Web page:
Loud Music is a $40 Fine

Just my personal blog.

August 23, 2007

Corrupted Windows Registry

A few days ago, I went to my main computer at home and saw that it had blue screened. I hit the reset key and figured it’d go ahead and boot up. But it didn’t.

It came up with an error I’ve seen (and fixed) before, which indicated that it couldn’t find the boot files. No big deal. You just boot from the CD, go into the Recovery console, and type fixboot and fixmbr. That’s worked every time.

Except this time.

The Windows logo would show up but then it’d crap out with an error. Some research on the net suggested that I do a chkdsk /r, which I did (at this point I was beginning to think I had a hard drive issue). Chkdsk got to about 35% and crapped out. I ran it again and it completed, showing that it had repaired a few sectors.

Time to bring out the big gun in drive repair I figure. So I booted my Spinrite disk and had it go over the drive. Sure enough, it found a few sectors that were bad, but it was able to recover them. Wish I’d run Spinrite before chkdsk.

Anyway, I restart the computer and it still comes up with the error. The error indicates that the registry is corrupted. I Google “repair corrupt registry” and come up with a Microsoft page. As I scanned the page it looks like exactly what I need.

I also saw this little deal called “Guided Help.” Here’s an excerpt from the paragraph about Guided Help:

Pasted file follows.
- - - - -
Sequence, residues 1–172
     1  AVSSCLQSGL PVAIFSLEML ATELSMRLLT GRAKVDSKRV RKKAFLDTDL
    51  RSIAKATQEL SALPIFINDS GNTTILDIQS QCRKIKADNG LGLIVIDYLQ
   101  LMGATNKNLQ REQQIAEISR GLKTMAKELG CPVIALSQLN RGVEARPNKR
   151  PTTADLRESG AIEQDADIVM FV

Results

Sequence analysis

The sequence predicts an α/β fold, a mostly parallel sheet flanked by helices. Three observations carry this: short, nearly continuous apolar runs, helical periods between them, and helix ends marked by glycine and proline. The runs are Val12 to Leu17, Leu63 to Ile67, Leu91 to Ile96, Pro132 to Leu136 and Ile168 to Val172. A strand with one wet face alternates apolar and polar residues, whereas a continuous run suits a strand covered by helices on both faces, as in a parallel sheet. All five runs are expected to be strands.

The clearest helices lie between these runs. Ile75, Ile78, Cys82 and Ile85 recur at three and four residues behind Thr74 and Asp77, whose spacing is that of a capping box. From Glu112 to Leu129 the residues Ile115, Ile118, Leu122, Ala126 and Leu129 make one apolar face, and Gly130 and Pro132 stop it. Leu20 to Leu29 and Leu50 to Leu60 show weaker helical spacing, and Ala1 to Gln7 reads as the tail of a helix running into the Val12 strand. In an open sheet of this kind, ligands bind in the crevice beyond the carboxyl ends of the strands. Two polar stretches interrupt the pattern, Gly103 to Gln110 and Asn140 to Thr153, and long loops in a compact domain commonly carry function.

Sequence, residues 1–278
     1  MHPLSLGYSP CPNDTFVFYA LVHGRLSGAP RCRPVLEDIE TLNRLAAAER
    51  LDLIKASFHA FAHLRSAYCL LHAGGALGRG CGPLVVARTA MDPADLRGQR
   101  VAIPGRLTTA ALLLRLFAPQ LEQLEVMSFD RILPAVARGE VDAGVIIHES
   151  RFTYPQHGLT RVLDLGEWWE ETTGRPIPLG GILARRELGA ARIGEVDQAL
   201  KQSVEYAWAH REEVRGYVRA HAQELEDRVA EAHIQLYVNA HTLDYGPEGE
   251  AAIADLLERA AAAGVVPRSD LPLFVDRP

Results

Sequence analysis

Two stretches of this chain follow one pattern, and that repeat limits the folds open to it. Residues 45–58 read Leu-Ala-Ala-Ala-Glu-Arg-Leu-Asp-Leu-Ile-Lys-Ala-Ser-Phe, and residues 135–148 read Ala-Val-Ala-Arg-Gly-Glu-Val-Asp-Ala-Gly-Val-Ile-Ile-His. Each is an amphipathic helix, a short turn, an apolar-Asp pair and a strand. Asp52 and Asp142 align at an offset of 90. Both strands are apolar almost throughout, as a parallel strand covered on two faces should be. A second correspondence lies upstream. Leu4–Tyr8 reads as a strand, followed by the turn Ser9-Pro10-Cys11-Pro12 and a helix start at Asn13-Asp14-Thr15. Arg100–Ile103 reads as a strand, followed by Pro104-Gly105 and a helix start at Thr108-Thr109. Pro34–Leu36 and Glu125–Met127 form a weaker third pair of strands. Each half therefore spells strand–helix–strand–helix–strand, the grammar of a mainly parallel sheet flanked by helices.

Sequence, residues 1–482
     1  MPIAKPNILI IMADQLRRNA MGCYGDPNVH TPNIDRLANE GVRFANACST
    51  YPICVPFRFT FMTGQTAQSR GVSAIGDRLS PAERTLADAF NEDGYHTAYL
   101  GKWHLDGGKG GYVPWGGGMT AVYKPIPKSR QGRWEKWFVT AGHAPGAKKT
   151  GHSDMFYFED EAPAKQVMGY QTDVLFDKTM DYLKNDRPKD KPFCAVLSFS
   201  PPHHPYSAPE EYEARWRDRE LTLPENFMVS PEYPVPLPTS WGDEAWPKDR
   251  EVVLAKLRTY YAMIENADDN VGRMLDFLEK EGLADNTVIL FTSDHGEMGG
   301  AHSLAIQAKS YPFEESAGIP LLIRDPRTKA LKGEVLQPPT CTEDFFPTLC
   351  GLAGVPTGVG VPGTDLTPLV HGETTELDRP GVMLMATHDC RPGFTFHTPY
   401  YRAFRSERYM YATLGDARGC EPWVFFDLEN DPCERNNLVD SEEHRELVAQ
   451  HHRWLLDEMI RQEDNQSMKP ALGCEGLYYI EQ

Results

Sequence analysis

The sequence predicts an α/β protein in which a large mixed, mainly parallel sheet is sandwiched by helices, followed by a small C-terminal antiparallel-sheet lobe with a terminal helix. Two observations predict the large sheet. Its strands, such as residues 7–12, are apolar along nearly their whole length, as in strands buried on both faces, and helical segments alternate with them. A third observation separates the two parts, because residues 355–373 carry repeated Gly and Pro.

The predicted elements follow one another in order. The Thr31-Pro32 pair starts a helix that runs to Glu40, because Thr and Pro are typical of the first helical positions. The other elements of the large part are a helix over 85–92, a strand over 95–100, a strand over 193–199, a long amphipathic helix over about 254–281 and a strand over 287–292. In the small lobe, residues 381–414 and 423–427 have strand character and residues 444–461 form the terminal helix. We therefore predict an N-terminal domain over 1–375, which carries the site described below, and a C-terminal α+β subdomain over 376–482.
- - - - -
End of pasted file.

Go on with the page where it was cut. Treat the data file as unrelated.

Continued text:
Guided Help is available to help recover a corrupted registry that prevents Windows XP from starting. Guided Help can automatically perform the steps for you.

Great. That’ll save me some time. Then I read further:

Requirements to install and to use this Guided Help

  • You must be logged on to Windows by using a computer administrator account to install and to use this Guided Help.
  • You must be running Windows XP Home Edition, Windows XP Professional, Windows XP Media Center Edition, or Windows XP Tablet PC Edition to install and to use this Guided Help.

Huh? My computer won’t boot into Windows, and Microsoft helpfully has a “guided help” utility that will fix it, but I’ve got to be logged into Windows to use it?

Who checks these things at Microsoft?

I’ve yet to try the solution (either manually or using the “guided help”) as I write this. I’ll update this post (hopefully from the fixed computer) with the outcome.

UPDATE: Well, I tried Microsoft’s solution for this problem. No joy. I tried running the Guided Help version from the recovery console, and surprise! It wouldn’t run. Using the manual version, I was at least able to log into the computer. Now it’s time to move everything to the new computer I built a couple of months ago, and wipe this one (I guess it’s about time; it still has remnants of Windows 98 on it).

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